I’m Dee Nash, a native Oklahoman, and I’ve gardened here since my teens. I know from personal experience how challenging our prairie climate can be.
But my blog isn’t just for Oklahomans. Gardening can be challenging in other climates too. So, I share how to garden wherever you grow.
Enjoy the garden you’ve always wanted!
The year of the salvia
In my garden, this is the year of…
The Simpson wildfire
Some of you may not know that my…
On the lookout for Texas wildflowers
Bill and I went on a little trip…
Container gardening tutorial
This week I’ve had a lot of questions…
My Christmas Garden Gift List
As an avid digger in the dirt, here's what I would like to see under my tree, or yours for that matter, this year: 1. Soap and Glory bath products. I don't know about you, but when I come in from spreading manure, I don't smell like a petunia. I want something that will scrub me clean and smell good at the same time. If a product can do its job while entertaining me with sassy British wit, so much the better. Also, they aren't expensive. I found mine at my local Target store. 2. Pink Ribbon Elite Gardening Gloves. First, full disclosure: As a Garden Writers Association Symposium attendee, I was sent two pair of Bionic Gloves to try. This was after I told their rep that I'd destroyed two pair of the original style because my fake fingernails poked through. (I was going to save my fake fingernail...Read More
Seeds of Promise
While on a walk with my dogs, Mariah and Prancer, last week, I saw this lovely moss under the trees. It is prolific this year, probably because of all the summer rain. I also noticed that the native grasses were going to seed and showing off. What struck me was the architecture of each seed head. I thought I would share some of these with you. This is Little Bluestem. I am not a native grass expert, but after this walk, I wish I were. I thought about my grandmother, Edith Juanita, and how she knew all the names of common plants. She was raised in Kiowa, Oklahoma, and learned them as a child. She taught me many things like how to grow killer tomatoes and how to cook poke sallet in the spring (in order to cleanse the blood, she said,) but I wish I'd asked more questions before...Read More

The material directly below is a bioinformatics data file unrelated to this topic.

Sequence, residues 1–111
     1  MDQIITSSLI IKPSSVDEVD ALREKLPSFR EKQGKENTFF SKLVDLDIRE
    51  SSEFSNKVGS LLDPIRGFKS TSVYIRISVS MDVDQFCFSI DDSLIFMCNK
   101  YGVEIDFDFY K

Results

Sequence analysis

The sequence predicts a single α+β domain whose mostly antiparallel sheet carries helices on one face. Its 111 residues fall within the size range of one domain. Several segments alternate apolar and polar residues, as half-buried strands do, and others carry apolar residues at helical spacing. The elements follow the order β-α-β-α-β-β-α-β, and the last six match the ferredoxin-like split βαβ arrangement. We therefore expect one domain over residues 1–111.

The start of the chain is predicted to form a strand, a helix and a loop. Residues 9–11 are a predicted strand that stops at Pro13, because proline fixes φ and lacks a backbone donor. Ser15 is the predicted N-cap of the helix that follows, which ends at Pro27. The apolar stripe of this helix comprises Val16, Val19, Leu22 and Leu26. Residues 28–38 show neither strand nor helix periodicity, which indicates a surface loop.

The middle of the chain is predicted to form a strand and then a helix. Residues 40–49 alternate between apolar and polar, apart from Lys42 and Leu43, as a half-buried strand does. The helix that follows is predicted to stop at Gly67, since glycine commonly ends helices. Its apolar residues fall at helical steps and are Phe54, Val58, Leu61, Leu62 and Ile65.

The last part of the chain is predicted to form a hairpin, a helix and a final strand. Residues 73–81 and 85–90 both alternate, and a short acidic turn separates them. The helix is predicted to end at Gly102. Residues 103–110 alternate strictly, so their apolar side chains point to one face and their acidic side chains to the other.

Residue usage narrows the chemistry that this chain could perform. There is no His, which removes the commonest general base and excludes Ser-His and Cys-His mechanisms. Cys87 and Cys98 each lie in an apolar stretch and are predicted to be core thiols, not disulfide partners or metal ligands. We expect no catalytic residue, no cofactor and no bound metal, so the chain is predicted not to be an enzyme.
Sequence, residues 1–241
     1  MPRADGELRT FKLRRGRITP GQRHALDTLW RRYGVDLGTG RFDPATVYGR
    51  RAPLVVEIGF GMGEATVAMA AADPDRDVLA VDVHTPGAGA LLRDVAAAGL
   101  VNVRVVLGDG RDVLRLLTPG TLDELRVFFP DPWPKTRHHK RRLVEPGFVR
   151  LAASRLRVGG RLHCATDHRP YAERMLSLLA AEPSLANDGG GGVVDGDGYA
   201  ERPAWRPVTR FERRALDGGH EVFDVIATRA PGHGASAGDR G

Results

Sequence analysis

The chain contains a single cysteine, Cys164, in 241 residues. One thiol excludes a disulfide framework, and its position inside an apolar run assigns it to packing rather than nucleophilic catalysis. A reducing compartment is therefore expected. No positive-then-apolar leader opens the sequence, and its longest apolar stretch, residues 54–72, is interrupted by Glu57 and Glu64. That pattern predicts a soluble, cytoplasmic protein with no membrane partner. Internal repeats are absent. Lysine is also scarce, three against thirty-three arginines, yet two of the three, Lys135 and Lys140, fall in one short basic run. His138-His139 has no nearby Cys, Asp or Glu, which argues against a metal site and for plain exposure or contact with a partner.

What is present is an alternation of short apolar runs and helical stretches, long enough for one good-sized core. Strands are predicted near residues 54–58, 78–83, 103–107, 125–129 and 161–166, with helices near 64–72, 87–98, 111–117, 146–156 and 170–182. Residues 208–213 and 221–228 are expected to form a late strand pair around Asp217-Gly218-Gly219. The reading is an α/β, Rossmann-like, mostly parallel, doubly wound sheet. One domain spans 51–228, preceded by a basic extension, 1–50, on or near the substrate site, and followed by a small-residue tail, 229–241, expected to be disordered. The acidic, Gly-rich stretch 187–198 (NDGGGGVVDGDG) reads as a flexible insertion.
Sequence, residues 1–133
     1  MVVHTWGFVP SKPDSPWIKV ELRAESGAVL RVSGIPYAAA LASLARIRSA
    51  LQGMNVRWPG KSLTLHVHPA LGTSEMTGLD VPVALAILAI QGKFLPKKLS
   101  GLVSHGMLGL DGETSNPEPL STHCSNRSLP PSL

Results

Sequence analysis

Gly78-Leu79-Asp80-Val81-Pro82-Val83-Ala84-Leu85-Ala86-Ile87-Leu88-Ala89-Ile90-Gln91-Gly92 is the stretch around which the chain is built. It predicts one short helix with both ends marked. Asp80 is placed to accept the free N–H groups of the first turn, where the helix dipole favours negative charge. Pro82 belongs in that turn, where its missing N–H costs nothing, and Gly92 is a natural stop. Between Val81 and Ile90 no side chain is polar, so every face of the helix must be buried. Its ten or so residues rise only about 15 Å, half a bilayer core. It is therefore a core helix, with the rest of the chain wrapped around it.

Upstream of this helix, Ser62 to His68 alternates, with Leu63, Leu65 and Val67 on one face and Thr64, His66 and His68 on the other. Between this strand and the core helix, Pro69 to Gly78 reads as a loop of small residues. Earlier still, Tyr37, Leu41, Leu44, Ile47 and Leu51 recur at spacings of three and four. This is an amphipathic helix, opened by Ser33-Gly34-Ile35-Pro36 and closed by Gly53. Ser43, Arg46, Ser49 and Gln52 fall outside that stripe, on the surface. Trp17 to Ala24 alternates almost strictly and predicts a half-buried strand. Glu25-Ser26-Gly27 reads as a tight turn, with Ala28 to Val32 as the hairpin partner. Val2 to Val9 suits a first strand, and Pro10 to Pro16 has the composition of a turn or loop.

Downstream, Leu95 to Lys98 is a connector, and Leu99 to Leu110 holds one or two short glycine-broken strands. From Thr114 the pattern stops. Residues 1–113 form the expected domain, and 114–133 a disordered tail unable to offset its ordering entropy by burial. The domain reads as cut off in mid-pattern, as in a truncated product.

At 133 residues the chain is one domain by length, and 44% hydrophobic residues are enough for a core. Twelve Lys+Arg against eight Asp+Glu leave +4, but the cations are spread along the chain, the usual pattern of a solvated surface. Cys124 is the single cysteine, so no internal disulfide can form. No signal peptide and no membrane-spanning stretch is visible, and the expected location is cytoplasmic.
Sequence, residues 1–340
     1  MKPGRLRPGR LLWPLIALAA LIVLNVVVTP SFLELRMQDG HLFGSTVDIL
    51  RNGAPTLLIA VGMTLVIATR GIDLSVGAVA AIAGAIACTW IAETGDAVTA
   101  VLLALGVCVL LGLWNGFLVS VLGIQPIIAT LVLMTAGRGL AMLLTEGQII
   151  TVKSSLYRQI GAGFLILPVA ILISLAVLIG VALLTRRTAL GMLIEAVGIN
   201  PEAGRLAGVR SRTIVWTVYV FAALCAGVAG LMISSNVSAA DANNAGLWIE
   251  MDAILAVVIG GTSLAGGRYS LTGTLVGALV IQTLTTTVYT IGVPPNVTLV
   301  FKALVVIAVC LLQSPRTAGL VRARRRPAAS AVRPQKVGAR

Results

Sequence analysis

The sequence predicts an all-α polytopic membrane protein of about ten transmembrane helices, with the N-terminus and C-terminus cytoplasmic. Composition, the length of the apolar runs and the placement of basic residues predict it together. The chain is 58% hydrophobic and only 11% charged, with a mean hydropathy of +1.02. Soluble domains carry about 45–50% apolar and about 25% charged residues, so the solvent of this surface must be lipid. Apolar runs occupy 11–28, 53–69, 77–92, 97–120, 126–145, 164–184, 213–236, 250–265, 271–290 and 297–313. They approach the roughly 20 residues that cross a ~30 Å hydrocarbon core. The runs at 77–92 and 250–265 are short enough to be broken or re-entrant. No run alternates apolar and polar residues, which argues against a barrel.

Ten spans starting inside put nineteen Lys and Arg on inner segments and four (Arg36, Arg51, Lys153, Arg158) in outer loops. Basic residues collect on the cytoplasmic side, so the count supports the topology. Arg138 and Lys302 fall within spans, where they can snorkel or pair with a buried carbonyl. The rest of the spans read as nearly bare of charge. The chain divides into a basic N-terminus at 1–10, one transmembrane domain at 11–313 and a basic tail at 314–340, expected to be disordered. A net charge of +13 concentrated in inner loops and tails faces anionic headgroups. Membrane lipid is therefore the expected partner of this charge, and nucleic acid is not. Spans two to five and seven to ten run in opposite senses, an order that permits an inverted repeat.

Hey Baby, It’s Chilly Outside
Don't want to garden in this weather? Why not go to a museum over the Thanks- giving holiday instead? Introduce your extended family to Bricktown and the revitalized downtown area. Mi Familia decided to visit the Oklahoma History Center for the first time last weekend, and we were entranced. The center consists of five galleries with hands-on interactive exhibits. It looks like someone finally discovered what makes the Science Museum Oklahoma (f/k/a the Omniplex) so popular. I especially liked the video presentation by a woman from Corn, Oklahoma, who explained the history of her personal family quilt collection. We also heard dances and music recorded from the Choctaw, Cherokee, Osage and many other American Indian tribes. The Chinese Americans living in Oklahoma were represented in their own exhibit. Great human stories mixed in with history. It doesn't get much better than that. When you depart, you get to see real...Read More
Green Thumb Sunday–Color Me Thankful
My friend, Debbie B., asked me a question on Friday, and I've thought about it ever since. She and her son wondered why fall colors echo the colors of Thanksgiving. Why does this holiday which is all about gratitude follow the same pattern as its surrounding clime? Why the beauty--the yellow of the Cottonwood leaves, the red of the Sumac, the oaks' burnt orange umber? At first, being my ever-practical self, my answer was that we took nature's cue and clothed our holidays likewise. This makes sense, when we consider Thanksgiving where we celebrate our gratitude for an abundant harvest with a feast of color. Think of the candied orange sweet potatoes, the golden brown of turkey skin, the paler orange squash of pumpkin pie, pecan pie's crunchy caramel, united by the green of pole beans (unless they are swimming in a creamy casserole and topped with Durkee onions.) At...Read More